Monday, June 10, 2013
Some Thoughts on the Job Market
The efforts paid off. I was able to pay my bills through my various online commitments. The freedom allowed me to attend conferences I never would have otherwise. I went to Australasia, to Europe, to the Middle East. I began a podcast. I spent a lot of money. I made a lot of friends. And I went on the job market.
It is a peculiar thing that we spend about 4 months applying, waiting, interviewing, prepping, and delivering job talks before discovering whether or not we are hired. I began drinking a lot more. I struggled to sleep while nervous and anxiety-ridden. The whole thing really is a lottery system. I had 10 phone interviews, no national conference interviews, and four campus visits. All four visits became a "no." One person told my advisor that they were going to offer me the job, and then offered it to someone else. Then an administrator called me out of the blue about a week after I had been passed over. He had been tapped to begin a new research center at an ivy. He wanted me to head up the research center. We have a huge endowment. We have resources and consulting academics. We have our own building on campus.
The whole thing is so bizarre. Everything that I did right led to a wall. Everything I did wrong -- the haphazard globe-trotting, the backdoor interviews -- led me to my dream job. Research, teaching, autonomy, hiring power. The process gave me a book contract and a well-paying position.
My friends and family tell me how much I deserve it. Surely, I will absolutely work hard and my enthusiasm and connections will benefit this new endeavor. They will not regret hiring me. But do I really deserve it more than most? Of course not. There are so many qualified people around. I was a perfect fit for this position -- my early education began at a similar institution and my recent successes at international conferences led to my election on an editorial board and this book contract -- but I can count about 6 friends who would be equally qualified. And countless strangers.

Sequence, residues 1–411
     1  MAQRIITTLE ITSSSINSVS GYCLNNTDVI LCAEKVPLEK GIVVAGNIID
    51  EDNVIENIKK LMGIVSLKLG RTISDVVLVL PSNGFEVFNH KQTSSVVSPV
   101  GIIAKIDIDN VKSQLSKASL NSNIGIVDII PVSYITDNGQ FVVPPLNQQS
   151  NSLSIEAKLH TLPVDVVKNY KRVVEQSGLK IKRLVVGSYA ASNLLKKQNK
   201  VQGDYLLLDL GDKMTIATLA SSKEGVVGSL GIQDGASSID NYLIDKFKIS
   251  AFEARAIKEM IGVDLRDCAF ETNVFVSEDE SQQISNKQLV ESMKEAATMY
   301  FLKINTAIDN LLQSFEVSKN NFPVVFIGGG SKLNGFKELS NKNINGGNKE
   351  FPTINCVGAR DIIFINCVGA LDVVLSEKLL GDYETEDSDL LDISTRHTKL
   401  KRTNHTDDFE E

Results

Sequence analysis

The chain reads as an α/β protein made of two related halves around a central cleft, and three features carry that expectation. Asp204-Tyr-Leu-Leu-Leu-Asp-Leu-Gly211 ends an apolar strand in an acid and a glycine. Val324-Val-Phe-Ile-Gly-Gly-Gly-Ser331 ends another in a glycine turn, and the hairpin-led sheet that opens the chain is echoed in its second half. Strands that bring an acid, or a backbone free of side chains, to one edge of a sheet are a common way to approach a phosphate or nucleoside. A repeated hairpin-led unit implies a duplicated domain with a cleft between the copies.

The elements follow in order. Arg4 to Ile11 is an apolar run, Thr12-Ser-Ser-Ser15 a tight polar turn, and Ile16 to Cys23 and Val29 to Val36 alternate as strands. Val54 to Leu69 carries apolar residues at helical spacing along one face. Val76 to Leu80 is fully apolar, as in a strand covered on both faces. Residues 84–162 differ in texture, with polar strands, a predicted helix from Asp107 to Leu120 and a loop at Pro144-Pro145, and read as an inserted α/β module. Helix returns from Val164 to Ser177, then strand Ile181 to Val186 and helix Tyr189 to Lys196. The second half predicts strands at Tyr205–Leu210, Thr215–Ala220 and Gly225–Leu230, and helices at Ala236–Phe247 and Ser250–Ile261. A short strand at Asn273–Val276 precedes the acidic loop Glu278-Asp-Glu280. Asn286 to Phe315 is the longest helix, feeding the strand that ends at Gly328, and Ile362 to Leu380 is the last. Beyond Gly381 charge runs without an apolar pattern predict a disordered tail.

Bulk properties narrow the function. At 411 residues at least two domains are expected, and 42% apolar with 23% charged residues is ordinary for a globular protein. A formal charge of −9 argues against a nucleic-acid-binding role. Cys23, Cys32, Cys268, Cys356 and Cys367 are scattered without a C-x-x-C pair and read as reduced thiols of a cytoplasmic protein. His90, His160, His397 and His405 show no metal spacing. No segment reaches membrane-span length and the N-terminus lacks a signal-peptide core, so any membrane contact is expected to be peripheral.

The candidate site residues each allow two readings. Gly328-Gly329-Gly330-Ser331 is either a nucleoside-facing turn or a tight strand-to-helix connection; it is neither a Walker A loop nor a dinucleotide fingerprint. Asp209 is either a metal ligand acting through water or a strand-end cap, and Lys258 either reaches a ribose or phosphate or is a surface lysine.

It bothers me that I applied to 33 jobs this year and that only one of those jobs ever sent me a formal "this position has been filled" letter. That one letter referenced my research by name and told me not to give up -- even suggested a journal that might publish one of my chapters. It was a generous moment amidst a sea of silence.
It's rather annoying that I spent so much time on each application only to get such incompetent organization. One application process said that references would only be required for the short list of telephone interviewees. Then on the deadline, all 300 applicants received an email requesting references by midnight -- with each of the 300 or so names CC'd rather than BCC'd. And the email itself had no salutation, no punctuation, and no sign-off. We instantly knew everyone who had applied, and all of those people had to obtain emergency references from their overworked advisers.
We talk about the misery on this blog. The inability for faculty to act as administrators is surely a miserable thing. Our disorganization, the rule by committee, the cautious wandering of our administration is all miserable. The lack of professionalism, the ridiculous amount of red tape, the waiting and waiting. Is there anything good about the process we use for hiring people? If there is, I don't see it. I followed the rules and got burned. I bucked the rules, and somehow this led to a job.
My only conclusion is that our profession suffers from paranoid schizophrenia. What else could it be? Too many voices wishing for too many things, with anxious and enthusiastic candidates waiting for the voices to calm and express a single wish: the candidate who will become the faculty member.